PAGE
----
What is known is that people who have a large number of paranormal experiences, such as NDEs, also have a higher incidence of anomalous temporal-lobe functioning. "Not abnormal," insists Vernon Neppe, M.D., director of the division of neuropsychiatry at the University of Washington, who developed a set of questions designed to stimulate the temporal lobe of the brain. "Just different. If you stimulate certain areas of the temporal lobe, you'll get certain reactions. And those subjects with some paranormal experience will react differently."
The finding suggests that some people have a pattern of brain functioning that allows them to experience NDEs. But it does not indicate whether or not these experiences are transcendental--that is, whether the event is a journey into afterlife or a blip in the firing of brain cells. If a spiritual journey occurs entirely in the brain, however, does that make it any less a transformative phenomenon?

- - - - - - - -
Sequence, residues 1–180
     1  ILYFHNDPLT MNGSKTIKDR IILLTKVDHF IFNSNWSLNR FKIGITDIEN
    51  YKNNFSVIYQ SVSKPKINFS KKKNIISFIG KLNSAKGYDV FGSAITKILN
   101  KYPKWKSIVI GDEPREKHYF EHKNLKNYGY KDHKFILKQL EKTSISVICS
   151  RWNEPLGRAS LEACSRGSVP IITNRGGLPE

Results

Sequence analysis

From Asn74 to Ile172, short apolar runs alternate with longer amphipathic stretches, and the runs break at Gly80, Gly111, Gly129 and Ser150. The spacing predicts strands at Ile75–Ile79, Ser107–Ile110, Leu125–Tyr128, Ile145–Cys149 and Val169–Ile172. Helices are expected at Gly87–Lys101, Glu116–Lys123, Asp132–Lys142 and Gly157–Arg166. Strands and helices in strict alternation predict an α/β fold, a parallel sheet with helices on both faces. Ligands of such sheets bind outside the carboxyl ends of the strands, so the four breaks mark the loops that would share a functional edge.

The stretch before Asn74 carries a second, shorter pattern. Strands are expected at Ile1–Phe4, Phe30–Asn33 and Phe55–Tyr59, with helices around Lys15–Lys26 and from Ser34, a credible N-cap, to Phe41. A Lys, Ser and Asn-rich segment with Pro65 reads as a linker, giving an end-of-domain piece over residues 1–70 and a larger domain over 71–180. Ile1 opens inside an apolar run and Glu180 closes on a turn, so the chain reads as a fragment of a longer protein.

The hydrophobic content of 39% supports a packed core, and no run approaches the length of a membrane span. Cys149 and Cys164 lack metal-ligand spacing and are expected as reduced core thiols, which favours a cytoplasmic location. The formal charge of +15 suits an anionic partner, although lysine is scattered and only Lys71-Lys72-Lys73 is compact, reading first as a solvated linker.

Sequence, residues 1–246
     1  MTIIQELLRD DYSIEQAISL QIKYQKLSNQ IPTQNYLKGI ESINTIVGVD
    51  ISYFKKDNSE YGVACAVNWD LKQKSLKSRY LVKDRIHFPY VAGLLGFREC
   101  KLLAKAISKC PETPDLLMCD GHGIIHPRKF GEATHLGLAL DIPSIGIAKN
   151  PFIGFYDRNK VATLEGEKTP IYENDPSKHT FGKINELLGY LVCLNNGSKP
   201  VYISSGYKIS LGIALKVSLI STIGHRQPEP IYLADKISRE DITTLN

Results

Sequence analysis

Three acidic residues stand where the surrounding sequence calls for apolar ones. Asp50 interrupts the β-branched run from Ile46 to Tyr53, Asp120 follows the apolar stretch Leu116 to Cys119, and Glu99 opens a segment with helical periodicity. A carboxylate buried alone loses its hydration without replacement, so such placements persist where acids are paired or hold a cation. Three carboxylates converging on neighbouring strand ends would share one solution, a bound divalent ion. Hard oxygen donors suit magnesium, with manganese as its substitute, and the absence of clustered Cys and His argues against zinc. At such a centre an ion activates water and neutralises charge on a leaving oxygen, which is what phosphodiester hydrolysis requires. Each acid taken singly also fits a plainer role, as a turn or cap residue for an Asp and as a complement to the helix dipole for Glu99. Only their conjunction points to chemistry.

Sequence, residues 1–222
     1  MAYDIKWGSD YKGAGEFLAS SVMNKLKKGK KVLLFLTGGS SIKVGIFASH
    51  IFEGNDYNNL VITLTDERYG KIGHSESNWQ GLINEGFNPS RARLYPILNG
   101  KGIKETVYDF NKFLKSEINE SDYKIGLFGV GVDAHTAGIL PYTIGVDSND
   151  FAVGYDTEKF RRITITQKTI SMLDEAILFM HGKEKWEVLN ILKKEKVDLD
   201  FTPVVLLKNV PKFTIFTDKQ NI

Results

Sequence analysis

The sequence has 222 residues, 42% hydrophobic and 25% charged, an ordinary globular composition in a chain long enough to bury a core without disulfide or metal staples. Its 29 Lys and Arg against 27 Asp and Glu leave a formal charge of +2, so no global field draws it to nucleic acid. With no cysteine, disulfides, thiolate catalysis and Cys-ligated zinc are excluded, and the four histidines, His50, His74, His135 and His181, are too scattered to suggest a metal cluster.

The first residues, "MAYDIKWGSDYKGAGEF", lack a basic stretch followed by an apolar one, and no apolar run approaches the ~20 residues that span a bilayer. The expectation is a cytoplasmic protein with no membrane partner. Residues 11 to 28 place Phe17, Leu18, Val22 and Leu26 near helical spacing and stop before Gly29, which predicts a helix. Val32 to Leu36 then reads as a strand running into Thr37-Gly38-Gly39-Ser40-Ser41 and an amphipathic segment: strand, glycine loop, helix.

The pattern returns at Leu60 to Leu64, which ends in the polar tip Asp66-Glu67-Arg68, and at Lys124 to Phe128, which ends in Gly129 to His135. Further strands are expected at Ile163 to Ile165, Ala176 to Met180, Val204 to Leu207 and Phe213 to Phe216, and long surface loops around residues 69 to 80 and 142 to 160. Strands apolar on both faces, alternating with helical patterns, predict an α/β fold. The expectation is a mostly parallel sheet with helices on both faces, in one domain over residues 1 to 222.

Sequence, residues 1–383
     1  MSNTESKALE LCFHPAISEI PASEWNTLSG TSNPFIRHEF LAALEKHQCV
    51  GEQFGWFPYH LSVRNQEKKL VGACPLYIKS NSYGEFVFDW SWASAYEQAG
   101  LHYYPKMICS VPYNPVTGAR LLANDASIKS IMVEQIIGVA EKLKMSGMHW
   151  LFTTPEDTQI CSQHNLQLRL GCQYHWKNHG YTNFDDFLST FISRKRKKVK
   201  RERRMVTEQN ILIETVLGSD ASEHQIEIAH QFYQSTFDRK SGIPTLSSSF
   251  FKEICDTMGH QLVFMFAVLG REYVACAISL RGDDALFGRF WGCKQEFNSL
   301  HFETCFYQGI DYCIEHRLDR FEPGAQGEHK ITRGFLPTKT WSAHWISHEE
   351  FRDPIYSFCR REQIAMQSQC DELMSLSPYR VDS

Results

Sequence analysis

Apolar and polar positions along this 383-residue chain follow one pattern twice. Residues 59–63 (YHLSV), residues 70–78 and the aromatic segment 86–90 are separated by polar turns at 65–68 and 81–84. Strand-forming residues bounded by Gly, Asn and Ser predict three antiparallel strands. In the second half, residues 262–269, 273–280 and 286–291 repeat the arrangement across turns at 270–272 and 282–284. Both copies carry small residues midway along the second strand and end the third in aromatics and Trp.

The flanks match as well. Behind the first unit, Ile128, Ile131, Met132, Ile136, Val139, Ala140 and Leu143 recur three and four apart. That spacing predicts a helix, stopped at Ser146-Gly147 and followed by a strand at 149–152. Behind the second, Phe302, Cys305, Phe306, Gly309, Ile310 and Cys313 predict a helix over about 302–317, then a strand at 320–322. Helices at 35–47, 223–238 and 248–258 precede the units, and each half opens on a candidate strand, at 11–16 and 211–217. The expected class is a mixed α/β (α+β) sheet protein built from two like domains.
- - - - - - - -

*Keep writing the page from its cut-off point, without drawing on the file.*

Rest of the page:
Other researchers have attempted to explore whether actually being near death is essential to experience an NDE. Ian Stevenson? M.D., and Justine Owens, Ph.D., of the University of Virginia's Institute for Personality Studies, wondered whether some of those reporting NDEs--and all of their characteristic traits--were not actually near death at the time of their experience, but simply believed they were? Surely, they argued, someone who wasn't really dying couldn't transcend into an afterlife, and therefore their experience couldn't be "real."